Even the stated performance figures weren’t much of a consolation: with an official 0-62mph acceleration just under 7.0secs the C Evo certainly doesn’t seem to pull up any trees. But these figures disguise a quirk: the C Evolution is actually very quick off the mark. So fast, in fact, that up to 20km/h (12mph) the torque has to be limited so you don’t lift the front wheel without meaning to, or dump your pillion passenger under acceleration. Another one oddball indicator of the potential is that between 20km/h and 40km/h (12mph to 24mph) the C Evo was until recently the fastest accelerating BMW bike you could buy, excellent for surprising even Fireblade owners with its instant acceleration.
There’s no clutch or gear change, which means there’s very little potential for operator error. You want to go, so you twist and depart. Rapidly. If you want to stop, you simply close the twistgrip, which activates a regenerative braking phase whose extent is variable according to which of four drive modes you’ve chosen: Road, Dynamic, Eco Pro or Sail. Sail means the bike coasts with no braking at all, Dynamic gives you the most braking. Eco Pro also has plenty of regeneration but also limits performance and is generally a bit too boring to bother with. There are powerful ABS-equipped friction brakes as a back-up, of course, though around town in Dynamic you hardly need them.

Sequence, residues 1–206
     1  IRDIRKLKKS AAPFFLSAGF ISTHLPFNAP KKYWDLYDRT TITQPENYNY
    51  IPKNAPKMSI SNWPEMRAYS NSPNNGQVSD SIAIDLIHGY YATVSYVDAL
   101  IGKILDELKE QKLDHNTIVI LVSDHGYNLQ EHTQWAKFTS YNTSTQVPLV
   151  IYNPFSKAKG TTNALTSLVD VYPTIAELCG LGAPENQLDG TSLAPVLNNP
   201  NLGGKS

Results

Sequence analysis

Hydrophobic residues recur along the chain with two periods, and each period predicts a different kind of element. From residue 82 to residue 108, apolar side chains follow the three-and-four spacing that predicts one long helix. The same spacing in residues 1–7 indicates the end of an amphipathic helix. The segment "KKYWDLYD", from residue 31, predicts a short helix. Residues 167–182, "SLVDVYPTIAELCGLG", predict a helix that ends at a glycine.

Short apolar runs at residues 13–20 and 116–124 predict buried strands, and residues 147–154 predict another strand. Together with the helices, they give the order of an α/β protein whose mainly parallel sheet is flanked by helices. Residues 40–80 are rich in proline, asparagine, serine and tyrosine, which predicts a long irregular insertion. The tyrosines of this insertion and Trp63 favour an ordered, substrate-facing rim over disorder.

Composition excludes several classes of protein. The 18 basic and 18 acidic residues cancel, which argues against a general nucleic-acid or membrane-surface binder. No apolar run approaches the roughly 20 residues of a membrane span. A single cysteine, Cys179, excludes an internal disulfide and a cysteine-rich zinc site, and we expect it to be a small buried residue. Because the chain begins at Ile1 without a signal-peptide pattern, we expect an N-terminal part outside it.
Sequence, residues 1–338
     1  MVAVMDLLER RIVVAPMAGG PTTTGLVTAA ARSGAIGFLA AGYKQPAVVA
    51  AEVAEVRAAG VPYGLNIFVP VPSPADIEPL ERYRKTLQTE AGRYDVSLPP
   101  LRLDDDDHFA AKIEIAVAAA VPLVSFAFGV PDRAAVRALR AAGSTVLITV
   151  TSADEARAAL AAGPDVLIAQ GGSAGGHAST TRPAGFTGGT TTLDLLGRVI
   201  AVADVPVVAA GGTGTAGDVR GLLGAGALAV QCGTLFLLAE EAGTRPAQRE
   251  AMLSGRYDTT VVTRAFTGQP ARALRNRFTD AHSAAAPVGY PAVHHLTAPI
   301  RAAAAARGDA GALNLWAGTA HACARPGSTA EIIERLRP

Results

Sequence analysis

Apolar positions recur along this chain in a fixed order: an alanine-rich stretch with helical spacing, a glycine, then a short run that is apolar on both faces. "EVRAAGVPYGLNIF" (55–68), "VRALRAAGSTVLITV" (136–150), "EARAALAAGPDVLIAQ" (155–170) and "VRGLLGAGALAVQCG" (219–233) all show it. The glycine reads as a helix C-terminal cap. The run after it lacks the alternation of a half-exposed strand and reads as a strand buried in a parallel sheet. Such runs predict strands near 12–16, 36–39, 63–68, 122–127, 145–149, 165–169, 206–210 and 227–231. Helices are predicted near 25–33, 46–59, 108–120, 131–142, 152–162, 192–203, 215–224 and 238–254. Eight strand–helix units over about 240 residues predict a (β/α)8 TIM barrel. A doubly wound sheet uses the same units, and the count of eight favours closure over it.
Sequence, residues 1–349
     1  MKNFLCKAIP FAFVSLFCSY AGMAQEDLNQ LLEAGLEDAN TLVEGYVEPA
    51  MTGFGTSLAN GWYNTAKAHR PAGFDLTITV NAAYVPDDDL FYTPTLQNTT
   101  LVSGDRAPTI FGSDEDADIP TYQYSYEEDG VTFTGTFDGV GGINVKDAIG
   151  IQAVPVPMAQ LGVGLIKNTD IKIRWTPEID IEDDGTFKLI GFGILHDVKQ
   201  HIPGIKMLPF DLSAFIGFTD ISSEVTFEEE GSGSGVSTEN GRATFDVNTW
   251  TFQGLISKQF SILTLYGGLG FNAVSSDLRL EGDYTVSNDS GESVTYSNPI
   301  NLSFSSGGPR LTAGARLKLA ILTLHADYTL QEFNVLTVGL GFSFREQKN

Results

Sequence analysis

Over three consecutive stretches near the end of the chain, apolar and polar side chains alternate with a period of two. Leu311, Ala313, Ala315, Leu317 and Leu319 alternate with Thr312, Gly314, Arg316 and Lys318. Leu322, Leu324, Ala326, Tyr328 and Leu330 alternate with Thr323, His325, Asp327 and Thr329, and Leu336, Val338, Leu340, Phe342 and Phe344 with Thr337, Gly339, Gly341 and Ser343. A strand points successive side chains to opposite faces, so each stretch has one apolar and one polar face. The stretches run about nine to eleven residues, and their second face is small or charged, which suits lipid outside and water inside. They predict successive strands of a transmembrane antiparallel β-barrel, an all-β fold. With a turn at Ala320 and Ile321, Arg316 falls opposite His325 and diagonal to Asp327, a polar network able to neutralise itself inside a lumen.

It’s the nature of the C Evo’s acceleration that’s so compelling. The response to the twistgrip is so precise and so instant that the bike is already accelerating strongly before you’ve even finished twisting, an urgency it shares with the more potent breed of electric car. Chuck in the fact that the response is so eerily vibration-free and quiet, that it suddenly strikes you that an internal combustion engine’s dependence on ingesting and firing a column of gas as crude in the extreme. There’s a built-in whine from the epicyclic final drive to warn pedestrians of your presence on the road; through your helmet it sounds as if you’re propelled by a gas turbine.